Apparently, the heart of the issue stems from the fact that financial claims made prior to the company's April 30 Chapter 11 filing can only be paid out if the bankruptcy judge approves the action. To date, Chrysler has apparently not requested the court's permission to make good on these lemon law payments, leaving little recourse for affected consumers.
Many affected owners have apparently spoken with attorneys, who apparently can't do much unless the lemon law payback accounts in question are unfrozen by the bankruptcy court. That means consumers could be out anywhere from a couple of thousand dollars to the entire cost of a new vehicle – one attorney, Alex Simanovsky, is quoted as saying that he has "a stack of six or seven checks in my drawer right now from Chrysler that have bounced" – settlement payments ranging from $2,000 on up to $40,000. Some consumers have already turned-in their defective vehicles to Chrysler, compounding the problem.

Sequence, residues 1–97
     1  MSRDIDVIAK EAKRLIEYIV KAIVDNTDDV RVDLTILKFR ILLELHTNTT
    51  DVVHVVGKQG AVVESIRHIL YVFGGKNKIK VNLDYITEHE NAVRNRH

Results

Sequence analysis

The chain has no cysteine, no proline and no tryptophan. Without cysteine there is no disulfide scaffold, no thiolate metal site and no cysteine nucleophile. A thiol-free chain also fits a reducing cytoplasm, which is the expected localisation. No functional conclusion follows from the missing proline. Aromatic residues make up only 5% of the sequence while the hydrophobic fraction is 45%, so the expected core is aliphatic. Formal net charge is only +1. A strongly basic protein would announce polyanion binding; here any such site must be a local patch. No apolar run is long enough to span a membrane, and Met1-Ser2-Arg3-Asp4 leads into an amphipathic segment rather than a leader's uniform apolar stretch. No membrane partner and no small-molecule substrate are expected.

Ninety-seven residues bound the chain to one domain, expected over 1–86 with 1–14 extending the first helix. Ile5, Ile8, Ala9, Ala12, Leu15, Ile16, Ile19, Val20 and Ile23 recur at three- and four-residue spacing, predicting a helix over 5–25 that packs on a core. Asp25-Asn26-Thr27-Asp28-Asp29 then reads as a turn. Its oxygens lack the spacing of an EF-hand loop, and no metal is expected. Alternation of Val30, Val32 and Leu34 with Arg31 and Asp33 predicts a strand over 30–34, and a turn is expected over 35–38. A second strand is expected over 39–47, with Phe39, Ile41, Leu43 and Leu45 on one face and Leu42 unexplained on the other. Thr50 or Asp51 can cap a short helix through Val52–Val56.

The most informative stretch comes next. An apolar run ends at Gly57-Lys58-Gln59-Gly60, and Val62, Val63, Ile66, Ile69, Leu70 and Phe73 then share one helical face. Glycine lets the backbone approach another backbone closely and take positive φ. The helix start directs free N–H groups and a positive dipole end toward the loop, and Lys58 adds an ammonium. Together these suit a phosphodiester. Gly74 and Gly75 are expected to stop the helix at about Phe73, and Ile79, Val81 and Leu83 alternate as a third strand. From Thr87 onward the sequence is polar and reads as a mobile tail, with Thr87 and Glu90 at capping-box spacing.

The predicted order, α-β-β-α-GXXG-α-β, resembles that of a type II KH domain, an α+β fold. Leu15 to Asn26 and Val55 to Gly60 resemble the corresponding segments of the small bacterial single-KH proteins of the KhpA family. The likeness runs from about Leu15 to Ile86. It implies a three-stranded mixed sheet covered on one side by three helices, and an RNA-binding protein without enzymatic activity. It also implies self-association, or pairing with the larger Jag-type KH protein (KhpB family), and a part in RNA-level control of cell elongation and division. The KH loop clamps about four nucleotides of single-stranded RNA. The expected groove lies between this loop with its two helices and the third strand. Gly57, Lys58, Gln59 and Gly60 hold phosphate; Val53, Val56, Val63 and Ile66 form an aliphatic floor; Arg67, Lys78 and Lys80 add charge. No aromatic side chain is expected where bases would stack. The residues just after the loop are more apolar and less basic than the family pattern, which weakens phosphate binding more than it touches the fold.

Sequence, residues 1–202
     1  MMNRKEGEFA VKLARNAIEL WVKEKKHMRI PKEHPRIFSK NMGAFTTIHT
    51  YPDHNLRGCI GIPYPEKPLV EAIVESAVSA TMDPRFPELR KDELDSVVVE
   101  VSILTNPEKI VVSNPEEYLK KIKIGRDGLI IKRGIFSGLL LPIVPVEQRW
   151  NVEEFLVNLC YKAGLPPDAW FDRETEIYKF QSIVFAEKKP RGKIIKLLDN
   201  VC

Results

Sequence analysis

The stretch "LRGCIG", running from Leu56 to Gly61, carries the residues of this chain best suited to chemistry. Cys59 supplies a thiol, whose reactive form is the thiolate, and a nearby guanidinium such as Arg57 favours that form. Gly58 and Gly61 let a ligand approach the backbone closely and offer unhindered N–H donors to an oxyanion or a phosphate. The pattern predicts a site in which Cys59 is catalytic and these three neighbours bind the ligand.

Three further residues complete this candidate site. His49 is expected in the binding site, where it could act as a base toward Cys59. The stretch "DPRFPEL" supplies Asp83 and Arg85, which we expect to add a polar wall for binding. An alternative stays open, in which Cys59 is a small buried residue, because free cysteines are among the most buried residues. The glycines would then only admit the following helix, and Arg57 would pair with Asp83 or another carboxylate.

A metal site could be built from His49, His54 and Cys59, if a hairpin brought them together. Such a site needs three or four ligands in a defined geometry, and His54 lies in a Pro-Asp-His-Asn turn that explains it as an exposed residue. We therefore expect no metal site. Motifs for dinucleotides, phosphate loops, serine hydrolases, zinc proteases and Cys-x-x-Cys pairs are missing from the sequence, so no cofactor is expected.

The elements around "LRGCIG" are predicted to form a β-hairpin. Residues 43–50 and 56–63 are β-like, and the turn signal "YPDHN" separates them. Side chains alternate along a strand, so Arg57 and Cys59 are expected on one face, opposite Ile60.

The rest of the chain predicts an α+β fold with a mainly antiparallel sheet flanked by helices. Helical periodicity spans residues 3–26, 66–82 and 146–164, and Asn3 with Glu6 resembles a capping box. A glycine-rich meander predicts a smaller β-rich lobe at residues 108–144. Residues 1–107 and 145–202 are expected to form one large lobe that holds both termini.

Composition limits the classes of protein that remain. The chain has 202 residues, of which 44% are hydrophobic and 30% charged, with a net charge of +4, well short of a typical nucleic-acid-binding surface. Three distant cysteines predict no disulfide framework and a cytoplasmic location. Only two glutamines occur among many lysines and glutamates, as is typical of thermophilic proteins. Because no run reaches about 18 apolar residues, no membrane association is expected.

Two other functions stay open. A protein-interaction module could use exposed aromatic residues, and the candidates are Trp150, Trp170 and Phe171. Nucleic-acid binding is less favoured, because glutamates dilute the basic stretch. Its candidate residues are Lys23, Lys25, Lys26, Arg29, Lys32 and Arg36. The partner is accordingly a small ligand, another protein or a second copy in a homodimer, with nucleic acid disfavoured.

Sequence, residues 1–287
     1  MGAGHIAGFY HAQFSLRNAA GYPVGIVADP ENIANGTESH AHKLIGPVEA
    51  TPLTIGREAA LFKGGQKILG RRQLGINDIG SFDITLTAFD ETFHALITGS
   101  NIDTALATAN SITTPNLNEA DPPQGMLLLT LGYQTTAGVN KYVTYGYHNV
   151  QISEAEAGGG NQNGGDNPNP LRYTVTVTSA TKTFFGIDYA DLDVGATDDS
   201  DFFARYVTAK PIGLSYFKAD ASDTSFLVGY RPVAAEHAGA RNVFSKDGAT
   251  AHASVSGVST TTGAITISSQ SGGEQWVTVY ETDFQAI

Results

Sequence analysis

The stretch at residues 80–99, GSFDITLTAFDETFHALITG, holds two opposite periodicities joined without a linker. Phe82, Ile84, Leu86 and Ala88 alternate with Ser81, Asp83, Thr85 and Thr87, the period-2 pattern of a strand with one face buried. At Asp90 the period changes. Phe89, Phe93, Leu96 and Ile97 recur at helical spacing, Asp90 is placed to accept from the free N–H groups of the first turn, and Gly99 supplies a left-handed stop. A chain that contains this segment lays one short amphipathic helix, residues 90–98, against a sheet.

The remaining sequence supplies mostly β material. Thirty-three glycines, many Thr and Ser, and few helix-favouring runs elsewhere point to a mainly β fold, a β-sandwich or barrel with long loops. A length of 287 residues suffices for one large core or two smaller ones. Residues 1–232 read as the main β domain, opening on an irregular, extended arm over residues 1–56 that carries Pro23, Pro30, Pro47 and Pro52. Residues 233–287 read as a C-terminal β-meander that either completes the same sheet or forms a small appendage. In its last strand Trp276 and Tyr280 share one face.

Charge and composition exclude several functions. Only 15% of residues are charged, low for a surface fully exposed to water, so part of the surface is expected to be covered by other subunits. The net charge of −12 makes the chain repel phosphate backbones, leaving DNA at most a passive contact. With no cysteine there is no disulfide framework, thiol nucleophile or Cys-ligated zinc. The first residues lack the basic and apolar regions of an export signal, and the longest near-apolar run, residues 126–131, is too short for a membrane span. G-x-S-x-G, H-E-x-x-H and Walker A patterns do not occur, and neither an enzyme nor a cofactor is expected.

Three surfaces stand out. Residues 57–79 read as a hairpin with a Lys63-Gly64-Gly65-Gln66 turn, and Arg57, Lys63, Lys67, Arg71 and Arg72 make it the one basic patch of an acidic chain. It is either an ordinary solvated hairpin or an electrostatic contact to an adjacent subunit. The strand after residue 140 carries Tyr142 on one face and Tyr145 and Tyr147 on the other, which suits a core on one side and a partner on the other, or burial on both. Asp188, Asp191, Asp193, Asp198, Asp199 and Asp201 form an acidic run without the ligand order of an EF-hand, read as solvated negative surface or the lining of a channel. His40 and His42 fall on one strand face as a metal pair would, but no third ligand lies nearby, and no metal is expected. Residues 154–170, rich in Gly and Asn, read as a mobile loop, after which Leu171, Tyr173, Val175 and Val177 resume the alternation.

For its part, the LA Times says that Chrysler is telling customers with lemon law claims to get in line – by filing a claim with the courts, in effect joining the automakers other unsecured creditors seeking payment. In that scenario, however, defective car owners aren't expected to see much more than "pennies on the dollar."
Consumer groups have reportedly met with auto task force members to discuss the matter, but as of yet, there is no word on any remedy in the works. Thanks for the tip, MopePar!
[Source: The Los Angeles Times]